SETHI: Exactly, and you know if they didn’t like it I refunded them. That was what was fascinating.
RITHOLTZ: Money-back guarantee on the, wow.
SETHI: And then the second thing that was fascinating to me was I had a small cadre of very loud vocal people who were angry. But…
RITHOLTZ: that’s true on every website.
SETHI: Exactly, but the people who bought, I could see their statistics. Their open rates on my emails were quadruple the rate of everybody else. They email me saying, hey, this was great. When are you creating the next thing? I sat there looking at the data, looking at the emails, and I go, wait a minute. There’s something qualitatively different about buyers and non-buyers. That led to the next three or four years of learning how to sell, how to create value, and not worry about selling out, but do it in a very ethical way. Do it my way.
RITHOLTZ: And did the eBook eventually lead to “I Will Teach You to be Rich” the book?
SETHI: Yes, I think I became more comfortable. I think one of the biggest mistakes people make when thinking about writing a book is doing it too early. I waited until I had my philosophy dialed in. I treated my blog like an experimental lab. So, I tested it with different incomes, different industries, different geographies. By the time I wrote it, I knew what I was going to say.
And so that came out in March ’09, which actually happens to be the bottom. I’m the bottom. But I remember going around, here we are in Manhattan, I remember going on book tour, and this book came out and a few months before my publishers had sort of sent me a note, are you sure that this information is still relevant because of what’s going on? I go, good information has nothing to do with time. If anything, it’s even more relevant because now low cost, long term investing makes sense, et cetera, et cetera.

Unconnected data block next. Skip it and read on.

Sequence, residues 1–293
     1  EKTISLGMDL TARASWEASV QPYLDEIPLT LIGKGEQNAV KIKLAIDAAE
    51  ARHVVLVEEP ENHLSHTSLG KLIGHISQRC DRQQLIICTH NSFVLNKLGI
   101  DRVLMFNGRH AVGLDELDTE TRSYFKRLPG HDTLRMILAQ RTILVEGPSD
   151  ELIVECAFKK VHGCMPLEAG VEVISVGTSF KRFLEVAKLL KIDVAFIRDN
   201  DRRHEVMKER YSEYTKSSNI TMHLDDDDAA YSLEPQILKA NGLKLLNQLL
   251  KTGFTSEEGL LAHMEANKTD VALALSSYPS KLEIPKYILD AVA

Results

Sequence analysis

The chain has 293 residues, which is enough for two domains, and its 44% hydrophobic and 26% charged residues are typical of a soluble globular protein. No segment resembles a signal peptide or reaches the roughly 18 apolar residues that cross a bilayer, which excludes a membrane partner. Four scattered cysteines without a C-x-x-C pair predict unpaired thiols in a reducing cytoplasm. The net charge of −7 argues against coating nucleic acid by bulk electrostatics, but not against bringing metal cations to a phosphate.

So, I go on book tour to 13 cities and in every city, I’m sitting in the green room waiting for a news director to come out and they go, we’re not going to talk about investing today. I go, what? And they go, there’s 10 percent unemployment. People just want to know how to get by. And I looked at them and I thought to myself, we’ll talk about that. There’s definitely some ways to save money.
But that also means the majority of people are employed and everybody knows that at some point the market will come back and they want to position themselves.
So, they just looked at me like I was an alien. I looked at them like, I don’t really care what you say. I’m going on air, I’m going to say what I want. And I think that has been true since 2009 until now. Every time I do media, the predominant question is, times are tough, things are crazy, how do we get by?
And I go, I simply don’t accept the premise anymore.